Wussy’s Left For Dead
Left for Dead, Wussy’s second album, allows us to take the full measure of Lisa Walker as a bandleader. To me she looks very large, and growing. The band’s previous album, Funeral Dress, split the songwriting and lead vocal duties equally between Walker and her more well-known co-leader Chuck Cleaver, formerly of the Ass Ponys. But this even better album, my favorite of 2007, features eight (of 12) tracks written and sung by Walker alone and two more co-written with Cleaver, leaving no doubt who’s in charge, at least for now.
The themes are sex and cars, the lessons are about how to avoid death, the metaphors are religious, and the guitar sound is louder, fuzzier and more dominating then on Walker’s songs on the more tuneful Funeral Dress. The key sequence is songs two to six, beginning with “Rigor Mortis” (which, happily, is a primer on how to avoid it in your relationship: “I will smuggle something in to get me through/I’m resigned that I can’t win this fight with you”) and ending with “Jonah,” a tribute to a backseat of the car lover (“Angels sing around you in a chorus all night long/and you transcribe their expressions in the morning with a song about it”) that might even be Chuck. Throughout the sequence Walker’s guitar and vocals waver, strain, burst out in surprising places and provide evidence that joy can win out over depression.
Chuck does get several pivotal moments to speak, including one and a half of the two funny songs on the album, “Sun Giant Says Hey” (co-written with Walker) and “God’s Camaro,” in which his longstanding engagement with weirdo Americana produces a genuinely fabulous conceit, washing the car as washing your sins away. He also gets the better part of the complaint on the co-written cheating song “Whatz-‘is-name.”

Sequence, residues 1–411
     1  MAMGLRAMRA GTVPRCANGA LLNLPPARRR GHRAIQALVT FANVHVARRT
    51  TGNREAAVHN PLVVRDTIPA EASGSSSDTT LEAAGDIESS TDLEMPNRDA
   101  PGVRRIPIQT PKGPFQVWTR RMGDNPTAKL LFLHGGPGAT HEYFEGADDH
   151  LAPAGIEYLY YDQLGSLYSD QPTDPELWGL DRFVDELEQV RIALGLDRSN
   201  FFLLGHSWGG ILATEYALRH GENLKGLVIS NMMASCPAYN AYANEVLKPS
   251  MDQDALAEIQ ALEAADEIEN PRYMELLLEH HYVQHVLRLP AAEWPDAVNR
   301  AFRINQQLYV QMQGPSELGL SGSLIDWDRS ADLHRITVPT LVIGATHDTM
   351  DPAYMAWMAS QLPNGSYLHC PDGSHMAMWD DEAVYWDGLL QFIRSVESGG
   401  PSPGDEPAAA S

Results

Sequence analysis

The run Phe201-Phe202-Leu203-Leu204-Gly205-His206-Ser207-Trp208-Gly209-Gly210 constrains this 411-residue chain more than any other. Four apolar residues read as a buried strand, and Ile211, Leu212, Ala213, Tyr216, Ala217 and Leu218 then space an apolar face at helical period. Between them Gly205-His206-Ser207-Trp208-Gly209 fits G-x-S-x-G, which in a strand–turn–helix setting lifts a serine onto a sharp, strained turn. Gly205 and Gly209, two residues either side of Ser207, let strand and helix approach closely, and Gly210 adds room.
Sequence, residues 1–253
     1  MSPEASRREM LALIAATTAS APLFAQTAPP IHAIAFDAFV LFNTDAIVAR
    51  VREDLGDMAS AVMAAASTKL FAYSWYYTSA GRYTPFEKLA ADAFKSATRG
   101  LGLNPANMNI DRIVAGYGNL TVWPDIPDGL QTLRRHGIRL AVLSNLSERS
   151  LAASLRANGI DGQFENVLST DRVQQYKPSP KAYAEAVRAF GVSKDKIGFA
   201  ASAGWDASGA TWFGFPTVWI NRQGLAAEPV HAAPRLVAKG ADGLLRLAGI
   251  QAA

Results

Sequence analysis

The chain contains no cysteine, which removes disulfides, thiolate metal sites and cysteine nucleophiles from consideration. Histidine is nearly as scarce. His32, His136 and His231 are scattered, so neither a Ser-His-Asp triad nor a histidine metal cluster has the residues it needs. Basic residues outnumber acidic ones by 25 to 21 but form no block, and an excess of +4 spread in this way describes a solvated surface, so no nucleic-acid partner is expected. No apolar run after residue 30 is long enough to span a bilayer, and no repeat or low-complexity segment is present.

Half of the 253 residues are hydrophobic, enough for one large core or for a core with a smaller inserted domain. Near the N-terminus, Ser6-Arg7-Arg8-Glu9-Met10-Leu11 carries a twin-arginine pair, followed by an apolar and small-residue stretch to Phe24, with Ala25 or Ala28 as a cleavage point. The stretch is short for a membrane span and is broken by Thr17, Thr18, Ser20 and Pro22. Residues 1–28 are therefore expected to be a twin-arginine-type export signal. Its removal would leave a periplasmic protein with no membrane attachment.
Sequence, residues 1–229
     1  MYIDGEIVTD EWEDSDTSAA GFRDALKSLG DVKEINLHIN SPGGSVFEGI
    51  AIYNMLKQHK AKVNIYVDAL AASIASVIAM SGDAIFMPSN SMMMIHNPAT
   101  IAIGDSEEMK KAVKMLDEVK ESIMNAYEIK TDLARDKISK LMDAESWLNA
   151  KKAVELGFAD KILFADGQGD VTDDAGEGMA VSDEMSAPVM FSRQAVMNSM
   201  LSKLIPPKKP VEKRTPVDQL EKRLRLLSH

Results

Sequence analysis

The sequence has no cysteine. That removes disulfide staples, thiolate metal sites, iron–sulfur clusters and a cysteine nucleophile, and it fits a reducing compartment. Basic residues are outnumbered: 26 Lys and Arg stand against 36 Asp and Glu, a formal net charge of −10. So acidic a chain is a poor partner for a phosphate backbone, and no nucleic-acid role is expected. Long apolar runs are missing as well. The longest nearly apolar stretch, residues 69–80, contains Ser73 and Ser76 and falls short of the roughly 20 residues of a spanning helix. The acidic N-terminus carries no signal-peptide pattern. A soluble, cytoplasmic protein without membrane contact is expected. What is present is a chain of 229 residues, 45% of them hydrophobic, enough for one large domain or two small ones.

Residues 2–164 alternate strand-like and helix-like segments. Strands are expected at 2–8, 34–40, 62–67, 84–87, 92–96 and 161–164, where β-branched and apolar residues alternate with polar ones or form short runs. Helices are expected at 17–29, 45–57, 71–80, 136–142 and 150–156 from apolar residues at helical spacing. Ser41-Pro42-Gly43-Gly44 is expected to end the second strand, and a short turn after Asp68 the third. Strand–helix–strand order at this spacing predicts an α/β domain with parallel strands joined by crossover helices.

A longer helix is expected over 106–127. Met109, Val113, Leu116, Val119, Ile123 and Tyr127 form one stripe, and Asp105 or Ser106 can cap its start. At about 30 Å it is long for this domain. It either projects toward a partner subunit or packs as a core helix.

For me, this is a hard moment to be a fan of indie rock, with young writer-guitarists turning toward orchestration as a means to do something new. While the sound of the new indie is a more honest and organic “art rock” then the trite orchestral guitar sound of 30 year ago, it still moves rock and roll away from the basics some of us have believed in, straight shooting lyrics and a good backbeat. Wussy finds it’s innovation elsewhere, in places that might seem purely sociological until you perceive how thoroughly and conceptually they are weaved into every note: the collaboration of musicians and lovers twenty years apart in age, where the riot girl gets to kick the old guy’s ass for the length of an album. This is not a worn-out fantasy; in fact, it’s damned new.
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